Someone today brought up how strange it is that many European countries have pay public toilets. This is something that’s always bothered me here in Sweden. I’ve been here 18 years and still think it should be a basic human right to use a toilet when you need it.
I get the reasons behind it… messy people, drug people, crazy people, etc., but when you gotta go, you gotta go!
Water is clean and free here, but not so public toilets.
When I was pregnant, I managed to make a list of all hidden and free bathrooms around Stockholm. Don’t ask me for it though. It’s of high and secret value and I can’t have all you people messing up my free bathrooms.
We had a slight bit of a scorpion problem while renting an apartment in Italy last week. However, I still prefer scorpions to giant Texas tree roaches. Scorpions somehow seem more sophisticated.
Because of my respect for the majestic scorpion, I chose to catch and release the two we found by throwing them out of our third floor window.
It was only later that I remembered there was a restaurant with outdoor seating directly below us.
I looked up reviews on a children’s activity park in Italy, but everything was in Italian so I had to use Google Translate. I don’t know why this person only gave this place 2 stars. It sounds pretty interesting!
Another trip to Italy coming up this fall. What do you think of my itinerary?
We can start at the Egizio Museum, have a coffee at the Piazza, swing by the GATES OF HELL and maybe round up the day at the cinema?
Saw this graffiti on my vacation. I don’t know what it means, but I like it.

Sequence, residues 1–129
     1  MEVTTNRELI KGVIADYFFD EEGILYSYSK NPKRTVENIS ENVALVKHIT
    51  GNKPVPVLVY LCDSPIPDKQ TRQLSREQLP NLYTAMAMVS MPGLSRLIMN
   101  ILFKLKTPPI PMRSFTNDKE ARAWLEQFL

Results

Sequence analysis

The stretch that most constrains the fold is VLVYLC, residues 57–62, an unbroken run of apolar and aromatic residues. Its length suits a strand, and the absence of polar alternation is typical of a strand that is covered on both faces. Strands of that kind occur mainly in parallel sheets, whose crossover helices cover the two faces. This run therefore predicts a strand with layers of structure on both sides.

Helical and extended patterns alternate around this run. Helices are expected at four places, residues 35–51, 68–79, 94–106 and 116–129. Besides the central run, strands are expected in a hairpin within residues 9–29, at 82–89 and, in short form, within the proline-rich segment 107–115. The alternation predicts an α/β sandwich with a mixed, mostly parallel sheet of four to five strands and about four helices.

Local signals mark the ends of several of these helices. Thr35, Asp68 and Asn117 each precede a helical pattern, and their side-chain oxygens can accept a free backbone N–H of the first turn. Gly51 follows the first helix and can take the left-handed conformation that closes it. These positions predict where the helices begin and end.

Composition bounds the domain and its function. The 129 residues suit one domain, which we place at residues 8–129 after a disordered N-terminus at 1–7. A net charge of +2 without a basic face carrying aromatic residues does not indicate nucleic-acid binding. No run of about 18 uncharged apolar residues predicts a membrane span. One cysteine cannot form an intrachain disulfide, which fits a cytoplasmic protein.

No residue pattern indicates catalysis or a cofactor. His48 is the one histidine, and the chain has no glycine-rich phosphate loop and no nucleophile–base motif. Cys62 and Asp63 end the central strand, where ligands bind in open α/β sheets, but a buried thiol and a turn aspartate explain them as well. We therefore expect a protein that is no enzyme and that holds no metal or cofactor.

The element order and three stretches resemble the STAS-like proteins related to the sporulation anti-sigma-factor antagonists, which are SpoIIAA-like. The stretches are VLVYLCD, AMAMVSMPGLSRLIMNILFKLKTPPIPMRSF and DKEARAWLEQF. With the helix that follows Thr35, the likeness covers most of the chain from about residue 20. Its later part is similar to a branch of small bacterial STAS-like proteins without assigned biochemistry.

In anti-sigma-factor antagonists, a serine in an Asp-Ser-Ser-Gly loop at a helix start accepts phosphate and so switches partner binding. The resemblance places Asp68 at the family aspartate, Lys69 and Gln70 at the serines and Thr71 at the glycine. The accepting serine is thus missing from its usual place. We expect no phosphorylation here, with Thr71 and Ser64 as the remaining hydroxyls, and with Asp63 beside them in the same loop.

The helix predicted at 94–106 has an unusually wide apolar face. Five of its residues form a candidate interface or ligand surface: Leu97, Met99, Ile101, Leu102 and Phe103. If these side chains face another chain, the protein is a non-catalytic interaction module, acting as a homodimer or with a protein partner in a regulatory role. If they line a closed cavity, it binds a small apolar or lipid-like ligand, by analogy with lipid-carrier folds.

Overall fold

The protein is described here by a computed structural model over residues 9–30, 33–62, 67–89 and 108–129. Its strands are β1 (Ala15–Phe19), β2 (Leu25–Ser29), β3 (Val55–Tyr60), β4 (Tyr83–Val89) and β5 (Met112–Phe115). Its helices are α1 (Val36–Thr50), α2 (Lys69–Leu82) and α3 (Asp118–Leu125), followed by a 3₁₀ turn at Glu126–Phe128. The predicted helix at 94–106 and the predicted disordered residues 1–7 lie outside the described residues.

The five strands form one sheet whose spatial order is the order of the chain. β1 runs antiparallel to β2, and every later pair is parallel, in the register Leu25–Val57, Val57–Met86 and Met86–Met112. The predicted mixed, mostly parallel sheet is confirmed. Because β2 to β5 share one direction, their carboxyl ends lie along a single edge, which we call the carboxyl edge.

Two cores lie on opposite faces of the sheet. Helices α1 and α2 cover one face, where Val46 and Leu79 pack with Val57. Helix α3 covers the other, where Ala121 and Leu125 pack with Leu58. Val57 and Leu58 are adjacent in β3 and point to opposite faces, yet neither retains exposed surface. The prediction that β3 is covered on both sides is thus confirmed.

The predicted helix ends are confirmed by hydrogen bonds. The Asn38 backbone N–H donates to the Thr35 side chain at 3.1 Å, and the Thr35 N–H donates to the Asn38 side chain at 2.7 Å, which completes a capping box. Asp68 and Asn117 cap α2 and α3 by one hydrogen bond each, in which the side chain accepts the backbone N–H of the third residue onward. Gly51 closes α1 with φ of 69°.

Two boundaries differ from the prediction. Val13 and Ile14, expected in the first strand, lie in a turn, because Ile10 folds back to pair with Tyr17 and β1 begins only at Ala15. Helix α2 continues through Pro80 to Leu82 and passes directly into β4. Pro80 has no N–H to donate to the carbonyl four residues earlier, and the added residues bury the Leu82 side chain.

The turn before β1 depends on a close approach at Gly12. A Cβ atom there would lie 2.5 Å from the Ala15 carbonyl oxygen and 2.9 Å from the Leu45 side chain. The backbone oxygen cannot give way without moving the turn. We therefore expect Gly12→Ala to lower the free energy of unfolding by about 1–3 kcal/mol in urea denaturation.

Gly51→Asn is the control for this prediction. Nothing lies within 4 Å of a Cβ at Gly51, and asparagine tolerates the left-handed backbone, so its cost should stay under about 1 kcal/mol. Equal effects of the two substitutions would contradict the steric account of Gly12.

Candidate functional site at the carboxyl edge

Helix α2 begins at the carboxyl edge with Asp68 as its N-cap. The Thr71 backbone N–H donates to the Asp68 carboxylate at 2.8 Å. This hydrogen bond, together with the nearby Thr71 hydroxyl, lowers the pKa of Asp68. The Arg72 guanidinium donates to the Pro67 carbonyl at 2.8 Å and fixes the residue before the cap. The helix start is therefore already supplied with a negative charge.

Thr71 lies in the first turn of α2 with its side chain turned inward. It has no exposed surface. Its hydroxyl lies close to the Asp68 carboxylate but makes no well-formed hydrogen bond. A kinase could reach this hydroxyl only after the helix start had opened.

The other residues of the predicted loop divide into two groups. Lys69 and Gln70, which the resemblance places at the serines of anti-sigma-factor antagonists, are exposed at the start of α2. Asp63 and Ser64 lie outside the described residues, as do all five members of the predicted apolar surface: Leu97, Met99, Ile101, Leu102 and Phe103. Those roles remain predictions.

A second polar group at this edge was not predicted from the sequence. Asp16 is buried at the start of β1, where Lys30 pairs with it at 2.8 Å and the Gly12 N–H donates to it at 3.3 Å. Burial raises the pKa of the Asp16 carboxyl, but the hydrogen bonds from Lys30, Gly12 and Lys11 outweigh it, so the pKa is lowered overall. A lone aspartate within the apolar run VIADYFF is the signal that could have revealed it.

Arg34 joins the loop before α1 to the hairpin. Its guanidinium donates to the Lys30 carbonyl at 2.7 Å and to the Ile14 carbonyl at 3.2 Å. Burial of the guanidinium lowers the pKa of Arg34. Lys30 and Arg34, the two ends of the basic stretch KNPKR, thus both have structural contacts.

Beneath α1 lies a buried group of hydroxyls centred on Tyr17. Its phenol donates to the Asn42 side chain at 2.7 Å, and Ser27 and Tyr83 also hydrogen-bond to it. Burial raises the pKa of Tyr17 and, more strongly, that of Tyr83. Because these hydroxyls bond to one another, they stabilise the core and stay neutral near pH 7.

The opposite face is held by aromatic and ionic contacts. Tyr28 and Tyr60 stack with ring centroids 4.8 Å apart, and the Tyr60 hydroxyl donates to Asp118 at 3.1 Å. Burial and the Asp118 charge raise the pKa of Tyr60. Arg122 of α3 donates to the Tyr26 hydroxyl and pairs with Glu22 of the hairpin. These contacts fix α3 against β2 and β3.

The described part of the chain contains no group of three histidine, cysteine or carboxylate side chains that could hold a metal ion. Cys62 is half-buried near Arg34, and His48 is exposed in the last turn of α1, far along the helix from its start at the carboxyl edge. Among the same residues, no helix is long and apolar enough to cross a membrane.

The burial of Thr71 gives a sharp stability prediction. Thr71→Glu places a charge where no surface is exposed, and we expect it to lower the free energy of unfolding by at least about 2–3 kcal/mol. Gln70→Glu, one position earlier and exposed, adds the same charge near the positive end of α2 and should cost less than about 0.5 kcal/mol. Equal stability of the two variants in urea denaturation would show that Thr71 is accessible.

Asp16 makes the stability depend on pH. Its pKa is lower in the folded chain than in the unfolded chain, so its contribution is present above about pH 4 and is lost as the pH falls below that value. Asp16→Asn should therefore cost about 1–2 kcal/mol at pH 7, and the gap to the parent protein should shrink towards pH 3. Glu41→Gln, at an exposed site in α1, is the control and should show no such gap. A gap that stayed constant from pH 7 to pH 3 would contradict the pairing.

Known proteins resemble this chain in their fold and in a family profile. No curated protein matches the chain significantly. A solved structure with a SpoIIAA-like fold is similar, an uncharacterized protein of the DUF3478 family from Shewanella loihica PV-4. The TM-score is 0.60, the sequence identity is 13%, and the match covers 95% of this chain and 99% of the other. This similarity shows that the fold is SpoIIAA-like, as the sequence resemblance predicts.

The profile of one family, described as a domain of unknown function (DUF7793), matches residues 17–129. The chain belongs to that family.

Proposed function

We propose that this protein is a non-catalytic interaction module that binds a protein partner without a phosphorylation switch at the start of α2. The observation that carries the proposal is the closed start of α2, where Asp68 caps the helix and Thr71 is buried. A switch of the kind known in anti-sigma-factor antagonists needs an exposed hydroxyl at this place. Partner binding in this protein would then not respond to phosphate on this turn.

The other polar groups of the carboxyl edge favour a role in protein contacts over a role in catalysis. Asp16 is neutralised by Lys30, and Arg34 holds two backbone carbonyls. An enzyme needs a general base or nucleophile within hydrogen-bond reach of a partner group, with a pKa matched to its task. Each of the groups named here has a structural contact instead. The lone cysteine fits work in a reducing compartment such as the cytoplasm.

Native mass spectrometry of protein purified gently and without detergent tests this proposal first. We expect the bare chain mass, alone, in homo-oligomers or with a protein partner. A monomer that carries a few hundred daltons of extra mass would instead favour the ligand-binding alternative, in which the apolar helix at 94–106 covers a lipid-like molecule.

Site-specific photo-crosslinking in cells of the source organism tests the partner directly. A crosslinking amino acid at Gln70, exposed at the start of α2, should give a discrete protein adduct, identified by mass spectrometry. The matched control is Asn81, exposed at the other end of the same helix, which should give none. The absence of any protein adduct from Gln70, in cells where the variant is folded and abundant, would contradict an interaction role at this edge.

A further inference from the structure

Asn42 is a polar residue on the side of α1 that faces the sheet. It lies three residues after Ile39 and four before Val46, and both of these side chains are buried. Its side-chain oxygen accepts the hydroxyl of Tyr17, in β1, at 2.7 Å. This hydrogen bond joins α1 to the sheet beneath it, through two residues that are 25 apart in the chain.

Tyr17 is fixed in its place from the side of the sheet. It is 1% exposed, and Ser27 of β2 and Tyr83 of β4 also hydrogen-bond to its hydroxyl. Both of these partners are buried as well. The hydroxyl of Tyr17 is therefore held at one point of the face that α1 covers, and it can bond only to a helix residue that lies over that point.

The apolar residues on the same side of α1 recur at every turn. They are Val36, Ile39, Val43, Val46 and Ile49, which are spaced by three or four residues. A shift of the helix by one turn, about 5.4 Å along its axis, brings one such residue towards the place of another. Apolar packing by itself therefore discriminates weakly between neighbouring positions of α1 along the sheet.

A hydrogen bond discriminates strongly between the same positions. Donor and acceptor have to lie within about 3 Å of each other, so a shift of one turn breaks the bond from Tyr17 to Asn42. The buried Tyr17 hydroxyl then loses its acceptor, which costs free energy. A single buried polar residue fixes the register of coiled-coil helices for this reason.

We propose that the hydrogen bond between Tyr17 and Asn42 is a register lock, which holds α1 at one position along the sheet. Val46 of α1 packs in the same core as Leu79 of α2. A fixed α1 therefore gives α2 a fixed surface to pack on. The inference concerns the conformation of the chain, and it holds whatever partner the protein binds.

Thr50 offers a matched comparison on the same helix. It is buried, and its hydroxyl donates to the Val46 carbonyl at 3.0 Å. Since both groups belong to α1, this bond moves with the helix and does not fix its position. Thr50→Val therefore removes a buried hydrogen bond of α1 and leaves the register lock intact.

My son recently got back from a school trip to Tallinn, Estonia where his class visited another school. A nice parent took pictures (because in 4 days my son only took one), and he included a photo of the school cafeteria lunch.
My husband thought I was a weirdo for saying that. He said, “They didn’t serve you on plates at your school?”
I said, “No, it was always rectangle plastic trays and usually rectangle food.”
Estonia, I am impressed!
At a flea market in Lisbon last weekend. If only it could have fit in my suitcase.
On our upcoming trip to Portugal, our hotel shows photos of peacocks that roam the walls and streets of the area. This was charming and exotic when we booked, but lately, I’ve been reminded of the sound a peacock makes. This may not be the relaxing trip we were hoping for.
My husband and I are soon leaving on a long weekend trip to Portugal. I was able to pack for the trip 3 months ago as the temperatures between Lisbon and Stockholm differ 25 degrees. That’s Celsius of course. After 17 years of turning my brain away from Fahrenheit, I’m too tired to switch back again. Google it.
In preparing for this trip, I realized that I know nothing about Portugal except for the dangerous ‘Portuguese Man o’ War’ jellyfish, which apparently doesn’t have much to do with Portugal except that the shape looks like an old 1800s Portuguese war ship. I guess you learn something every day, though what I needed to learn was something about Portugal.
At this point, I’ve researched castles, churches, restaurants, local food, customs, etc. My husband prefers to go with the flow and research nothing, except possibly a restaurant or two. I think our traveling styles probably compliment each other. I like to know that I’m not missing anything by researching carefully before leaving. My husband likes to simply discover things he didn’t know about, which must work out great for him since I lead us to places where things are actually interesting.
When asking him if he knew what kind of food the Portuguese like to eat, he replied, ‘I know they drink wine, so we’re good.’
He doesn’t care much for seafood though, so unless the wine can take away fish taste, he might end up a bit hungry. Luckily his amazing wife, me, has done plenty of tapas, steak and pasta research. I should totally start a travel agency.
I’ve made a family fun guide to Venice in case anyone’s looking to convince their family that this is the place to go!